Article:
As much as we’d like to think of a trade war as a matter of outfoxing China in a chess match, it’s more like a high-stakes game of mumblety-peg: each player puts one hand on the table with fingers spread out, takes a really big knife in the other hand, and stabs the table rapidly in the spaces between their own fingers, trying not to self-inflict a stab wound. Each round escalates in intensity, speed, and complexity. Winning may cost a digit or two.

In a trade war, the game is played like this: we may protect the ability of our steel industry to raise its prices (for example) by taxing the adversary’s steel. But that hurts our own automakers (and anybody else who consumes steel). The adversary may respond by taxing our pork, which protects their own farmers (and hurts their pork consumers) but imposes pain on our farmers. By design, every action in a trade war buys short term relief in one sector with pain in another. And as an editorial in Business Insider recently observed, “when you’re about to inflict pain on your own people, authoritarianism has its benefits.” The theory there is that China may be able to bear more self-inflicted wounds than the United States.

3. The international trading system has rules designed to limit the damage.

After the last big trade war deepened the great depression and greased the skids for the slide into WWII, the United States and the other world powers got together and constructed a rules-based system to prevent a repeat. The result? The World Trade Organization, a set of global trade agreements covering about 98 percent of all world trade. The WTO is designed to set rules for international commerce, settle disputes between its 163 members, and provide a global forum for reducing barriers to trade. It’s worked pretty well: no trade wars since Smoot-Hawley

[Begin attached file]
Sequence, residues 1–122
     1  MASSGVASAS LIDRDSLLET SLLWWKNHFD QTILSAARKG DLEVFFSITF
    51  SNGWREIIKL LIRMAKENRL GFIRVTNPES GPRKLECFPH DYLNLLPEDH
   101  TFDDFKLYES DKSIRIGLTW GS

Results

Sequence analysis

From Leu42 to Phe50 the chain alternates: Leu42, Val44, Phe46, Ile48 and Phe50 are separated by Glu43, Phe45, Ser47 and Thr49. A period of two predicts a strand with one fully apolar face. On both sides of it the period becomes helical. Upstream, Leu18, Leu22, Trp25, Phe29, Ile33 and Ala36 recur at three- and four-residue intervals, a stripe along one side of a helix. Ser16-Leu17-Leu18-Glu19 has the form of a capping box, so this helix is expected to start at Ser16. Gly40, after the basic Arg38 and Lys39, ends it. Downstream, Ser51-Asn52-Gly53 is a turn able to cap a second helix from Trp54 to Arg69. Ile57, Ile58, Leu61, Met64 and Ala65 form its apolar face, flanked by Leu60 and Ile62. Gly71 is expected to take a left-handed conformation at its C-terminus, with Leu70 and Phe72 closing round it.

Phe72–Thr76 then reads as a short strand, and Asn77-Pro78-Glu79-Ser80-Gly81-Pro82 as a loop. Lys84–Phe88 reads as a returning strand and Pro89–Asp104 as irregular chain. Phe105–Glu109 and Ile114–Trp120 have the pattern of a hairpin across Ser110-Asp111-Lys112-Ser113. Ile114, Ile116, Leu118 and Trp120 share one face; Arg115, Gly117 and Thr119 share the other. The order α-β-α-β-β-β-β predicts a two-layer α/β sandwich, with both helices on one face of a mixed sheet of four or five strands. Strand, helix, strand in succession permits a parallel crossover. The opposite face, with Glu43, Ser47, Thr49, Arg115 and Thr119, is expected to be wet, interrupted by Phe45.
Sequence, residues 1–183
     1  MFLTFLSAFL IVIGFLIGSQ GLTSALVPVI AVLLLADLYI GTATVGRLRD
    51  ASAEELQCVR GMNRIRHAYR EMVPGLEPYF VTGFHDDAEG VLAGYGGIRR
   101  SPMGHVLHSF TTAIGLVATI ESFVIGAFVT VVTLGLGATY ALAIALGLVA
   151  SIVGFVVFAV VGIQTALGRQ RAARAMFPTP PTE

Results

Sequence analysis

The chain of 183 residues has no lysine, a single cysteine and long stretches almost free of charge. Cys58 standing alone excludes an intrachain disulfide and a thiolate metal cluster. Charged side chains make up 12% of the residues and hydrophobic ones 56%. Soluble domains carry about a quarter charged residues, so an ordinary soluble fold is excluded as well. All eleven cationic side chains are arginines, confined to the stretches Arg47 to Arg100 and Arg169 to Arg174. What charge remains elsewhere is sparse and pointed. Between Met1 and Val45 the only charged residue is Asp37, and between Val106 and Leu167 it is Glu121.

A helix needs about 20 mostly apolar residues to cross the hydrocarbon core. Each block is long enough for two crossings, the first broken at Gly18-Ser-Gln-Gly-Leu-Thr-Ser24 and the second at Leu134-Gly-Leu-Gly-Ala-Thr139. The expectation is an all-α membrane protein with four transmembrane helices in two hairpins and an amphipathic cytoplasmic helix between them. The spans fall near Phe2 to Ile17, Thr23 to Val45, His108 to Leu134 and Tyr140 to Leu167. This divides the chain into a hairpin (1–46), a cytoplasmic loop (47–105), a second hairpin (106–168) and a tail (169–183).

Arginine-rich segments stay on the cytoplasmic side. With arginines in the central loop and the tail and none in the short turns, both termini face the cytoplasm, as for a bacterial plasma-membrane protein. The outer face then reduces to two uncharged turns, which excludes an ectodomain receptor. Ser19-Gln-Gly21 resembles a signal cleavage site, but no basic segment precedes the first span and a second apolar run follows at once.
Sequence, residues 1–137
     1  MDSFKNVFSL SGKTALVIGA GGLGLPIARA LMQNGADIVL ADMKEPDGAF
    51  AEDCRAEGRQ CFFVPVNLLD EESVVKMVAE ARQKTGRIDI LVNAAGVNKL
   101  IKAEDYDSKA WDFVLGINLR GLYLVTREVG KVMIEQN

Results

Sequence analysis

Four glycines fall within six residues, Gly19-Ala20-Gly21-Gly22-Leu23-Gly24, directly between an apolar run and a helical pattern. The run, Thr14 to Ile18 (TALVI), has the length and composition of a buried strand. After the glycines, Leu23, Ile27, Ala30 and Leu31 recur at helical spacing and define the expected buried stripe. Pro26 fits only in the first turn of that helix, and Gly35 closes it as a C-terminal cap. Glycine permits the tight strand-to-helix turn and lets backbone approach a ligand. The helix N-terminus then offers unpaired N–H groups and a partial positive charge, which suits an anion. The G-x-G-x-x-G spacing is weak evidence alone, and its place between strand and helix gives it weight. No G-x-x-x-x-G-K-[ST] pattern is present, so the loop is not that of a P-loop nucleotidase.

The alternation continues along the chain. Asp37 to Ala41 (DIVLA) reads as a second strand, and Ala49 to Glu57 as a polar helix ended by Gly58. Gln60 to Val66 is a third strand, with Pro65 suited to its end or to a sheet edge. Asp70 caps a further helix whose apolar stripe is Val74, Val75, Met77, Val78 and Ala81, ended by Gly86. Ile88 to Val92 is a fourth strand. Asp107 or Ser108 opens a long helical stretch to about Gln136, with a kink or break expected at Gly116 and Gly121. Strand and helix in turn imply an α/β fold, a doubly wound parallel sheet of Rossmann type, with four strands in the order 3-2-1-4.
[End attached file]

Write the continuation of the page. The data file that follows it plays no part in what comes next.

4. But watch out for signs those rules are being disregarded

There is a delicious (albeit a durian-like delicious) irony in hearing a protectionist Republican president being chided by free-trade Democrats. But any free-traders in the Trump White House may soon find the music stopping and their chairs usurped (Gary Cohn, check) or at least threatened (Jared Kushner, check). If we continue to hear anti-WTO rhetoric from the Trump Administration (Wilbur Ross, Robert Lighthizer, Peter Navarro, check) it may be a bad sign for the rules-based world trading system that has put the brakes on trade wars for the last 70 years.